Inspired by Movement – Breezeway House by David Boyle Architect
MacMasters Beach, NSW, Australia
A home inspired by movement, Breezeway House is a robust and dynamic coastal home that responds with rigor to its geometrically challenging site. David Boyle Architect combines the rationality and permanence of architecture with the whimsy of ideology to propose the ultimate escape.
Responding to the coastal milieu, Breezeway House is designed as a place of escape, where the movement of people, air and light inspire the openness and connectedness of its comprising parts. Imagined with a sense of permanence and robustness to weather its tough and rugged conditions, concrete and timber come together to provide the foundations for the free-flowing movement of its occupants. Located in New South Wales’ MacMasters Beach, the geometrically challenging site is met with a rigor and dynamism. David Boyle Architect combines the poetry of the unique site with an exacting approach, creating a refined escape.
Built by Paterson Buildings, together with engineering by SDA Structures Pty Ltd and landscaping by Pangkarra Landscape Design, Breezeway House is located on a challenging and multi-faceted site. The significant cross-fall and cross-easements, with complicated and non-traditional trapezoidal boundaries within which to work, meant that the proposed home needed to either conceal or express these elements. Through a mixture of both approaches, the structural grid creates a rhythm throughout, and the arrangement of spatial expression naturally followed suit. Clad in charred tongue and groove timber, the external and structural materiality is expressed both inside and out, with exposed fine metal detailing throughout.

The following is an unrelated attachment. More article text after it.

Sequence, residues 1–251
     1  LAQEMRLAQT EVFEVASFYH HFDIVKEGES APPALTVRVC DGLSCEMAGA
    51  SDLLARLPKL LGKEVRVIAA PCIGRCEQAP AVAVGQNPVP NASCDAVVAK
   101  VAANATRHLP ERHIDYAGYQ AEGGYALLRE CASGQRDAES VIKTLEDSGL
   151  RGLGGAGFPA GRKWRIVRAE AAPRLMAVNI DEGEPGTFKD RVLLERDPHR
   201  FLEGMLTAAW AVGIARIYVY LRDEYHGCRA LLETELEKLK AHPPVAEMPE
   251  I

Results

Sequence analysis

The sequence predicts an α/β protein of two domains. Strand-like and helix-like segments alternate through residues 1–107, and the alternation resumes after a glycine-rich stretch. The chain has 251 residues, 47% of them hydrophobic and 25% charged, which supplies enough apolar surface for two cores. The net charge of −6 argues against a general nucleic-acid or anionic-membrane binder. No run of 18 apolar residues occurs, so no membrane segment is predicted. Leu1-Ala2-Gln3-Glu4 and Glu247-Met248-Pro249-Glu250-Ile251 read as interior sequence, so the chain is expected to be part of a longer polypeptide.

Responding to the coastal milieu, Breezeway House is designed as a place of escape, where the movement of people, air and light inspire the openness and connectedness of its comprising parts.
Connected to its landscape and the surrounding vegetation, Breezeway House opens up to allow the movement of air and light. Offering a sustainable approach to cooling and natural ventilation, this cross-breeze also allows for the blurring of the lines between inside and out. With the beach within sight, framed through portal vistas in the home, louvred and sliding panels add an element of control and create privacy from close neighbouring homes while gently navigating views outward. Sheltered spaces allow an ease of transition outside, offering a protected place of retreat.
Providing a sense of protection from the elements, the expressed concrete, timber and recycled brick all come together to create a low maintenance and refined coastal abode. Breezeway House celebrates movement through, within and outward from its bounding (and sliding) walls and makes the complicated site it sits upon appear resolved. David Boyle Architect has combined the aspirational and playful, in a robust and resilient form.